Parking garage ribbon cutting marks transition, a prelude to hoped-for development

Saturday’s ribbon cutting at Bloomington’s new 350-space parking garage in the Trades District, west and north of the city hall building on Morton Street, was a chance to mark an upcoming transition in city government.

It was also an occasion for local leaders to talk about the positive impact on development that the garage is hoped to have. The surface lot it replaces, just to the west of the city hall building, offered around 100 spaces. So the garage is netting around 250 parking spaces.

In his remarks from the podium, Bloomington’s mayor John Hamilton had worked out the math, that next Tuesday, deputy mayor Mick Renneisen’s 40th anniversary of service to the city would amount to a span of more than 14,600 days. Renneisen is wrapping up his tenure with the city next Friday.

Incoming deputy mayor Don Griffin also attended the ceremony. He might have attended as president of Bloomington’s redevelopment commission (RDC), which approved the TIF financing for the garage. But Griffin resigned that post upon being appointed deputy mayor several weeks ago.

It was Cindy Kinnarney who delivered remarks on behalf of the RDC.

Much of Renneisen’s period of service came as the city’s director of parks and recreation. That was Renneisen’s role at the city when the B-Line Trail opened. The trail runs just to the west of the new Trades District garage.

The trail’s ribbon cutting, and Renneisen’s rolel in it, got a mention from CFC Properties president Jim Murphy during his remarks on Saturday. CFC Properties owns the western chunk of the Showers building that houses city hall.

“I want to acknowledge my friend Mick Renneisen,” Murphy said. He continued, “We have been in a lot of ribbon cutting ceremonies and groundbreaking ceremonies together. And I remember one just south of here, the ribbon cutting ceremony for the B-Line. …Mick was instrumental in that.”

The construction of the parking garage is considered to be necessary to attract developers to the now vacant parcel just to the north of the garage, and on the southwest corner of Rogers and 10th Street. That real estate is now owned by the city’s redevelopment commission.

In October 2020, Bloomington’s director of economic and sustainable development Alex Crowley said that in order for Bloomington to stimulate the kind of private investment in the area that it wanted to see, some parking capacity would be needed. “We needed to essentially make a down payment, if you will, on that municipal parking capacity, which is what this garage is,” Crowley said.

Crowley added, “What we want to try to do with this garage is to signal to the development community that if they develop office space, like what we want them to do, and if they attract tenants into the area, like we want them to do, that if those tenants have parking needs, there is parking capacity in the vicinity to meet those needs.”

The city has an application pending with the federal Economic Development Administration (EDA) for a grant to develop a portion of the land with a new technology center.

In his remarks on Saturday, Murphy looked to a future of potential development of the area. “Redevelopment and economic development and opportunity—that is what this is all about,” Murphy said.

Murphy continued, “I’m really excited to see what this place will be in the future. I appreciate the city, the leadership, the continued partnership.” He wrapped up his remarks by saying the parking garage will enhance the Showers building district, and congratulated everyone involved.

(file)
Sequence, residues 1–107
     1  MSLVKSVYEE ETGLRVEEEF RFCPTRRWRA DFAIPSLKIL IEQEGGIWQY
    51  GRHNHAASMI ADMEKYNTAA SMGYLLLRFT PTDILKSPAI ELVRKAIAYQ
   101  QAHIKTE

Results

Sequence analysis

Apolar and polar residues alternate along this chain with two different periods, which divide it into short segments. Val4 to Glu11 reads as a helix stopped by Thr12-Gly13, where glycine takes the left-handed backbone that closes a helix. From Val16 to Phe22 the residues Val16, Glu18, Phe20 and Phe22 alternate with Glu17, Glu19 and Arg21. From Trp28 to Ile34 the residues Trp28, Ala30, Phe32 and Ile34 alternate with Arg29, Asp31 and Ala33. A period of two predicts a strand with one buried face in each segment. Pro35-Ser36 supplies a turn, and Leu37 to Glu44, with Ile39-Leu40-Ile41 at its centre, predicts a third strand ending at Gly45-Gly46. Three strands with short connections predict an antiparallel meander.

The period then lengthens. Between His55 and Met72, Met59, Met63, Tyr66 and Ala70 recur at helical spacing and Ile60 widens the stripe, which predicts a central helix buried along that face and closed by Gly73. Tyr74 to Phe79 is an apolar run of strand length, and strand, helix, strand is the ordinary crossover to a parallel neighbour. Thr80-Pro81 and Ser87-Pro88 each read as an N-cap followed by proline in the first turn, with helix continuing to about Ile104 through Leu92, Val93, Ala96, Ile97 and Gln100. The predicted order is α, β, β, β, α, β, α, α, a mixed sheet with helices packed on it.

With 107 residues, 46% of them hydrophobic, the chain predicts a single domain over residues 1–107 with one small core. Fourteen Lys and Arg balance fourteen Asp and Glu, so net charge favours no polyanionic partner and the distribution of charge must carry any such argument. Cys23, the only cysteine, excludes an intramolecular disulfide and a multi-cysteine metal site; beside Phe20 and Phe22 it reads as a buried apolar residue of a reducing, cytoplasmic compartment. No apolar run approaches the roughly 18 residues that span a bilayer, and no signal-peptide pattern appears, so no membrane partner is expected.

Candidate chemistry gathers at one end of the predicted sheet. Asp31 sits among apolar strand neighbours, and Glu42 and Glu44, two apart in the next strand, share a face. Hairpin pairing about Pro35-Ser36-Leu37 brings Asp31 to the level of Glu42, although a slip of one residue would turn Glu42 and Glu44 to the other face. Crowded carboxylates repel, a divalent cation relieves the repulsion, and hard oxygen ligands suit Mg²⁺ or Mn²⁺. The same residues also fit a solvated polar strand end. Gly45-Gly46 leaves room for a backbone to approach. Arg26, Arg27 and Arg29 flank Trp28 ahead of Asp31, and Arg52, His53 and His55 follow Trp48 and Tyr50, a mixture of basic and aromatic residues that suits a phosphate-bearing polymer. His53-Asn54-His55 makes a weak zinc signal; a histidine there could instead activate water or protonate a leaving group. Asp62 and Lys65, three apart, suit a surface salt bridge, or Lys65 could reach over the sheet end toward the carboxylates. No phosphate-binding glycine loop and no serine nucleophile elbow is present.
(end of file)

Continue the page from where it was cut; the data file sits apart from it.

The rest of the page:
The first car is not expected to be parked in the garage until next week. The elevator still needs to be inspected. That’s one of the items on the final punch list for the project that is not yet done.

Another unfinished item is the solar panels for the roof. They have been delivered, but are not yet installed. The panels factor into the garage’s Parksmart certification, which is a sustainability credential.

Also not yet installed is the public artwork to be created by Esteban Garcia Bravo called “Aurora Almanac.” The work will integrate contributions from the public, in the form of designs they draw on gridded paper, which Bravo will scan and use to compute 3D images.

The tiles are due to be installed in the stairwells of the parking garage later this year. Bravo conducted a workshop at Saturday’s ribbon for people to contribute sketches to the project.

Contributing an outline of a treble clef with musical notes winding around the interior was director of economic and sustainable development, Alex Crowley. The image reflects his background as a composer.

Crowley told The Square Beacon on Saturday that there is still nothing booked for the Trades District garage ground floor retail spaces on the Rogers Street side of the structure. But he said there’s been some interest expressed, and he’s optimistic.  The Trades District garage retail space offering of commercial space includes three units of different sizes: 1,942 SF; 1,847 SF; and 1,258 SF.

The city’s new 4th Street garage, which is currently well on its way to a targeted completion date of August 2021, also has commercial space available on its ground floor.

The Fourth Street garage retail space offering shows a single rectangle in the southeast corner of the building that takes up about 40 percent of the Walnut Street side and half the 3rd Street side.

In February, Bloomington’s RDC did not receive any bids for retail space in either of the two new parking garages. Crowley said at the time, “I am confident that the spaces will be appealing.”

Of the 540 spaces that are being constructed in the 4th Street replacement garage, 352 count as replacements for the spaces that were housed in the previous 4th Street structure. It was closed at the end of 2018 due to structural failure, and demolished in 2019.

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